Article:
In a divorce, dividing assets can be difficult and time consuming. It is important to create an asset inventory, often called a “balance sheet.” This document will outline the parties’ assets and liabilities. Every divorce balance sheet will look different but it is essential to not overlook assets. Common assets include bank accounts, houses, cars, recreational vehicles, life insurance policies, and cash. However, the balance sheet may also include some easily overlooked assets such as sports tickets and jewelry. Assets should be included in the final judgment and decree to avoid future confusion and conflict.

Sport Tickets. Avid sports lovers may have season tickets or long-term rights to stadium seats. While this may seem insignificant to some, the value of sports assets can be high and can have sentimental value.

Security Deposits and Prepaid Rent. When you apply for an apartment or a rental, a security deposit and first and last months rent is often required. This asset is often forgotten until a party moves from a rental. However, the asset can add up to a few thousand dollars and should be included on your balance sheet.

Frequent Flyer Miles. For those who utilize credit card promotions for frequent flyer miles, the savings can add up. Some frequent flyer miles can be divided between the parties depending on the airline agreement.

Collectable Items. Whether a party collects vintage baseball cards to a coin collection, the value of the assets will need to be included. An expert sometimes needs to be used to establish an approximate value for the collection.

E-Currency. Bitcoin and other forms of electronic currency can be easily overlooked because they are not tangible objects. The market for e-currency has vastly grown in recent years and can hold large value.

Bonuses. From quarterly bonuses to end-of-the-year bonuses, the amounts may be considered a marital asset and may be subject to division between the parties. The bonus can be a marital asset even if it was deposited into a non-joint account.

Jewelry. It is no surprise jewelry can have high value. Amidst a divorce, it can easily be forgotten. Jewelry will generally need to be appraised by an expert to find its true worth. If the jewelry was obtained prior to the marriage, a pre-marital claim may be present.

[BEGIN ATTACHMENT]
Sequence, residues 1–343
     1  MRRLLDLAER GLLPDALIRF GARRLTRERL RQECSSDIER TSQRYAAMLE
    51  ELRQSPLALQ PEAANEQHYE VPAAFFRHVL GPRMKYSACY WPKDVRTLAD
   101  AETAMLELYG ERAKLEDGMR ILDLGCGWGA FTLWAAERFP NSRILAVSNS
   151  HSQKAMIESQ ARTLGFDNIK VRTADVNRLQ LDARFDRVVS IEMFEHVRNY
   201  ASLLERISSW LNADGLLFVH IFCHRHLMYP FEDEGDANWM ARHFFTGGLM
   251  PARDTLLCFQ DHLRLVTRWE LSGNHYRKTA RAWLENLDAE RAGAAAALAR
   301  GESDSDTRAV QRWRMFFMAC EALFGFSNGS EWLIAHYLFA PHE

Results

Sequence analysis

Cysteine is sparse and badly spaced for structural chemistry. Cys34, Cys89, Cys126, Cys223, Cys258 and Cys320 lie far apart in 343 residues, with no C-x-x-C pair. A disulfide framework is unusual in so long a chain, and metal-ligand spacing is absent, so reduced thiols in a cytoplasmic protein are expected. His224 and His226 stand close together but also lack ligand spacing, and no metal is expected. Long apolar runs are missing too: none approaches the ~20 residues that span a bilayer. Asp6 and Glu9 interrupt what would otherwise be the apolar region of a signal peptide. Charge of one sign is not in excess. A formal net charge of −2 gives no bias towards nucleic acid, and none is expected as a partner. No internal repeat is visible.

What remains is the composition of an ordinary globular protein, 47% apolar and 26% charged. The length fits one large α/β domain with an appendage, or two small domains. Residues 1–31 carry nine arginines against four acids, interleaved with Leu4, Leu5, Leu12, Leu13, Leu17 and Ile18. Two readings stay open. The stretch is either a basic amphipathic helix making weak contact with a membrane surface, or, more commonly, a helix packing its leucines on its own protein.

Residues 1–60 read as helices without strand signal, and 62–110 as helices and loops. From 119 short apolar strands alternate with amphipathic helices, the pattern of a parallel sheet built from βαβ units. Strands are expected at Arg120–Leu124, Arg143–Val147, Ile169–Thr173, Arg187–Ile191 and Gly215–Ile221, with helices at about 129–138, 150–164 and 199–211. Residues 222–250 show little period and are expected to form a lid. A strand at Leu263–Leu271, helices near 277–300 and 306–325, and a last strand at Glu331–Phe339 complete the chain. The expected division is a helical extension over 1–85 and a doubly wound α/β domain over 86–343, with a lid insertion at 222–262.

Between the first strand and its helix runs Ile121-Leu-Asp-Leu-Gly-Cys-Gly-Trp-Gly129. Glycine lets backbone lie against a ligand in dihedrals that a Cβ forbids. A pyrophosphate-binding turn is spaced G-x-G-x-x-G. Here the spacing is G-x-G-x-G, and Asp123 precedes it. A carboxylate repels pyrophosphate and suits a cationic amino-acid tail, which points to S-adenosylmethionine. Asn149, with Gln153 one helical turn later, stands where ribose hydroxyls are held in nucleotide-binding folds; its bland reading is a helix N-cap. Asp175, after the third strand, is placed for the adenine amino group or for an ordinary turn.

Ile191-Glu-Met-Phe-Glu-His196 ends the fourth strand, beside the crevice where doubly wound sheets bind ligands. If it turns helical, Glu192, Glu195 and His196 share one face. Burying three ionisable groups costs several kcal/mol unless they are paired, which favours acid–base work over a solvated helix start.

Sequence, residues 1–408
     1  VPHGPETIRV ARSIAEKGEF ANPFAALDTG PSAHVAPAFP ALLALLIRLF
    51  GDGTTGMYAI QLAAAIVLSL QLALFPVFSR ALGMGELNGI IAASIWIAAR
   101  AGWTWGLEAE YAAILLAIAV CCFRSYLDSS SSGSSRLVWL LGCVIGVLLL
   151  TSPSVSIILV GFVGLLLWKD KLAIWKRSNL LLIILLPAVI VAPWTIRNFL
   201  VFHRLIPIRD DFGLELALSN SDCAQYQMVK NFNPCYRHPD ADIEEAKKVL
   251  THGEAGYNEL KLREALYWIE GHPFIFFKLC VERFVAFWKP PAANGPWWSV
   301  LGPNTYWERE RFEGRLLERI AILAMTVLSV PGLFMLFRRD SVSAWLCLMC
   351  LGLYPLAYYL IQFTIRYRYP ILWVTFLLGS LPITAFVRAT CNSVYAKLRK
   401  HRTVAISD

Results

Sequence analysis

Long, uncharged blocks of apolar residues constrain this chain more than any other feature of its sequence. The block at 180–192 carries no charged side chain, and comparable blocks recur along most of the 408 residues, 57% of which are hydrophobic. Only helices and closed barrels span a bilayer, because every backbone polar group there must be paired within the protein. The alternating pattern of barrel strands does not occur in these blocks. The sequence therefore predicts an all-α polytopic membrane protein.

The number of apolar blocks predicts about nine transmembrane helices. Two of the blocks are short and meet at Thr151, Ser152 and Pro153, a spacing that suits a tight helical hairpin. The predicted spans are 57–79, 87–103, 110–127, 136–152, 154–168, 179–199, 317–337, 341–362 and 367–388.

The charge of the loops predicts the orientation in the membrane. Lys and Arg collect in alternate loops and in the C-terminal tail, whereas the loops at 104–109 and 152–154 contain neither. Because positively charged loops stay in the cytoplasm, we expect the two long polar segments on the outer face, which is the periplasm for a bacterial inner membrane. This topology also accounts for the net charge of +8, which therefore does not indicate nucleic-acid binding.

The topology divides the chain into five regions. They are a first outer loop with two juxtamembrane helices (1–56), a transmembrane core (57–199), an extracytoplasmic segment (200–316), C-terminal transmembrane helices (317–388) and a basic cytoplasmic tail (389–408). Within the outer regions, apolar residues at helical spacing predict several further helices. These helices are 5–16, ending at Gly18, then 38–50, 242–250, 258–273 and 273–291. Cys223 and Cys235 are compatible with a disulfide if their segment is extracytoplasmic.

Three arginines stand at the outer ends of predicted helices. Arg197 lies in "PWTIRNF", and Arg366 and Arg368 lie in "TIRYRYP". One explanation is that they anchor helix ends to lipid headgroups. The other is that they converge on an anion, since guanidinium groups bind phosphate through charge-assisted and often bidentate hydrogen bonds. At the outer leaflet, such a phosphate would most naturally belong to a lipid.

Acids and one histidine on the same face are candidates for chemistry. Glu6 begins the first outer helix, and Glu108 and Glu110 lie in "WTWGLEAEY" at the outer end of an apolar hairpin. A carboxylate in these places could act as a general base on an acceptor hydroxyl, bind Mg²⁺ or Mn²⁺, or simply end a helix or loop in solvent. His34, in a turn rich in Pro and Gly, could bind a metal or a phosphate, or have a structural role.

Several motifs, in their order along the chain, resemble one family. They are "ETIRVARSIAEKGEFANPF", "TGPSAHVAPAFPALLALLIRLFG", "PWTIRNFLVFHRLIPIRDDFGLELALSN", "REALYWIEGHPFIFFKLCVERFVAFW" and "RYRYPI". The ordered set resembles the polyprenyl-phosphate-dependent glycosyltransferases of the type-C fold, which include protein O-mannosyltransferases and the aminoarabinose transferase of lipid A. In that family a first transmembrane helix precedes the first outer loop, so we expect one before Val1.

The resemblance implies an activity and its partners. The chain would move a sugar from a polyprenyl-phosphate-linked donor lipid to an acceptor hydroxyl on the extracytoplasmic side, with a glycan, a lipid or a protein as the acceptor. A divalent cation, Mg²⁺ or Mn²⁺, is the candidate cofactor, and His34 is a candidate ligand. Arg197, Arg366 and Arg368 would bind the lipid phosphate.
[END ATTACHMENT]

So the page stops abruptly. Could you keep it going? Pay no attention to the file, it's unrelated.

Whether you are looking to divorce or have questions about commonly overlooked assets, contact our office today. Our experienced divorce attorneys have handled hundreds of divorce cases in the metro area involving unique assets. Contact our office today at (763) 323-6555 or by submitting an online contact inquiry through our website. We look forward to speaking with you.

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Photo of Jason C. Brown Jason C. Brown

Jason C. Brown has represented a wide variety of family law clients over the last 20 years, including teachers, homemakers, union construction workers, doctors, truck drivers, accountants, business owners, engineers, lawyers, mortgage brokers and Fortune 500 executives. Many of his cases have involved…

Jason C. Brown has represented a wide variety of family law clients over the last 20 years, including teachers, homemakers, union construction workers, doctors, truck drivers, accountants, business owners, engineers, lawyers, mortgage brokers and Fortune 500 executives. Many of his cases have involved complex custody disputes, alimony claims, and high net worth individuals, including several divorces in which the value of the marital estate exceeded ten million dollars. Every client, no matter their background, is important to Jason.

Jason routinely provides mediation services for family court litigants. He was a longtime board member and corporate secretary for Northgate Church in Ramsey. Early in his career, Jason served as law clerk to the Honorable Timothy R. Bloomquist, retired Chief Judge of Minnesota’s Tenth Judicial District.